Raw materials and chocolate making process

To create our uniquely blended, small-batch couvertures we source raw materials from carefully selected partners around the world. Each couverture is made using the finest possible ingredients and traditional production methods to ensure perfect consistency in taste and colour. At Carma® it is important to us to be socially responsible in all that we do. Most of our couvertures are UTZ-certified and whenever possible, we use locally sourced ingredients. We are highly skilled in blending different types of cocoa (including fine-flavour cocoa) to create unique blends, roasting the cocoa nibs at the perfect temperature to bring out their character as well as adapting conching time to create an ideal, unique taste profile for each of our couvertures.

COCOA

Chocolate isn’t only about cocoa - it can also include milk and sugar, which are equally as important in the chocolate making process. We use ingredients from the finest sources, without compromises. Creating pure chocolate delights is impossible with anything other than the finest ingredients. That’s why we never stop thinking about it, or searching for the perfect cocoa. In fact, pretty much all our couvertures are blended with carefully selected UTZ-certified fine flavour cocoa beans.

MILK

At Carma®, we believe milk is not just milk. Because we are proudly Swiss and milk is part of our landscape and culture, we use only the best quality, locally sourced. 

Switzerland has one of the world’s strictest animal welfare regulations and incentive programmes that ensure the wellbeing of milk cows throughout their lives. Healthy and happy cows, eating fresh grass and breathing clean Alpine air, produce high-quality milk and this is the ingredient that gives our couvertures their creaminess.

SUGAR

Sugar is often an underestimated ingredient in the taste of chocolate. Swiss beet sugar is produced from locally grown and sourced sugar beets, contributing to our signature taste profiles. 

Our sugar farmers are required to meet standards of the Farm Sustainability Assessment (FSA), which helps them sell more sustainably produced agricultural products. The FSA also helps farmers assess, report and continuously improve their sustainability practices. We’re proud to work with suppliers who pass the FSA assessment.

BC Carma Kakaobohnen Ernte Ghana

Cocoa bean selection and processing

Chocolate is not only about cocoa, but wouldn’t exist without it. Cocoa grows on the trees in tropical regions along the equator, where hot and humid climate promotes their growth. 70% of the world's supply comes from countries in West Africa: Côte d'Ivoire, Ghana, Nigeria and Cameroon.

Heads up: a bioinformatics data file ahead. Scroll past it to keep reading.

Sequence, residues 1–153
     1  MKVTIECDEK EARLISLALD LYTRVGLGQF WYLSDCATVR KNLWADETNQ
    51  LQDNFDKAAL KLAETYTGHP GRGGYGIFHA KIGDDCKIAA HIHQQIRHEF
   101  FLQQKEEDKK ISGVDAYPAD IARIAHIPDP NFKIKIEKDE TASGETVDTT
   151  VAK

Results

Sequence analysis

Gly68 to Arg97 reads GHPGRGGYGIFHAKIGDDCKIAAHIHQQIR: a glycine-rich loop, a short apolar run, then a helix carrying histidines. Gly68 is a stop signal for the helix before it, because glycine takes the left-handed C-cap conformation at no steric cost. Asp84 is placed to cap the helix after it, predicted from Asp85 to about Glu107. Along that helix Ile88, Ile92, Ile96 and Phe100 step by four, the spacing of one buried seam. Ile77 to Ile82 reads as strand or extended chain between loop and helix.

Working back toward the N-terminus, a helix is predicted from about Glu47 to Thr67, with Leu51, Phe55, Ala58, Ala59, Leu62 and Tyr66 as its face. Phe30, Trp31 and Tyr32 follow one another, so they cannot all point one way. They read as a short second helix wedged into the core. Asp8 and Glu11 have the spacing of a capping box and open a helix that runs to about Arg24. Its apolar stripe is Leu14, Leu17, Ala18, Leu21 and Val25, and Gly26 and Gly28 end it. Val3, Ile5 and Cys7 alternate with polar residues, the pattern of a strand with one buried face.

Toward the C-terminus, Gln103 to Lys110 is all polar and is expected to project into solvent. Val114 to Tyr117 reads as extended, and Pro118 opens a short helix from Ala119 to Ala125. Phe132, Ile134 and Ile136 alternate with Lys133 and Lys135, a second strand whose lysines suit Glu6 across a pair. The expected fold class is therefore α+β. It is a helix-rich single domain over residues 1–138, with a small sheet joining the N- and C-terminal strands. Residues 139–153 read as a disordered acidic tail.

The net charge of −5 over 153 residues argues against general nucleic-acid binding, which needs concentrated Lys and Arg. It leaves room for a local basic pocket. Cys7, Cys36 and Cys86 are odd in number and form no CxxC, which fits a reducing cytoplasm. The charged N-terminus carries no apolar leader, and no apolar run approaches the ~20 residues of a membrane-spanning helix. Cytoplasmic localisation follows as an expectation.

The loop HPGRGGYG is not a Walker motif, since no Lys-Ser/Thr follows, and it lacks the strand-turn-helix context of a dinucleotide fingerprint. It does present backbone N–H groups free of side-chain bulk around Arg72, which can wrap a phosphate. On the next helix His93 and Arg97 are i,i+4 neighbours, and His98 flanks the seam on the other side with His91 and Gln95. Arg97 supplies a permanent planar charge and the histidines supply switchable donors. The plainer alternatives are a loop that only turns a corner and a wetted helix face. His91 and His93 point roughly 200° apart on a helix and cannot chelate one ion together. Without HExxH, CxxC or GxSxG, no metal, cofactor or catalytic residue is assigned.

Each tree produces 20 to 50 pods per year, each weighing around 500g (which corresponds to an average of 40 cocoa beans per pod). 

The gathered cocoa pods are opened with machete and the cocoa beans, with the pulp around them, are removed. The beans are left for two to six days in the shade of large banana leaves, for the fermentation process to start. During fermentation, the pulp gets separated from the beans, and the first flavours begin to develop. After the fermentation process, the beans need to be dried and only then can be transported. 

Roasting allows the bean to develop its typical chocolate flavour. Up to 400 aromatic substances are released during the process. During roasting, the cocoa beans lose more moisture, which makes them easier to shell later on. The coarse cocoa nibs, very often mixed with nibs from other origins to achieve a specific flavour, are then ground. This produces heat, which melts the cocoa butter inside the beans to produce a thick mass. This cocoa mass provides the basis for chocolate production.

Couvertures production process

For 85 years, we have persistently improved our chocolate making processes to make sure our products are consistent in colour, taste and workability. As a proudly Swiss chocolate producer, all of our couvertures are made in our factory in Dübendorf, so we can keep a careful eye on every step of the process. 

After the cocoa mass is mixed with other ingredients into one chunk, it is refined into a very thin sheet to make sure all traces of gritty texture are removed. At this point, the cocoa mass is still harsh and bitter, and the flavours of the individual ingredients have not yet merged. The chocolate mass is heated in the ‘conch’, depending on the chocolate type, to between 55 and 90°C. Very intense mixing of the ingredients in this process allows the chocolate to evaporate the excess water, lose the bitterness and develop the desired flavours. 

Chocolate couverture is now ready to be cooled down, packed and shipped to you.

BC Carma Conching Fabrik Maschine

Get in Touch

Your Nearest Sales Representatives

Maureen Shanahan
  • Artisans & Chefs
1-312-496-7346

Your Nearest Office

Barry Callebaut USA LLC
903 Industrial Highway
Eddystone, 19022
United States

+1 610 872 4528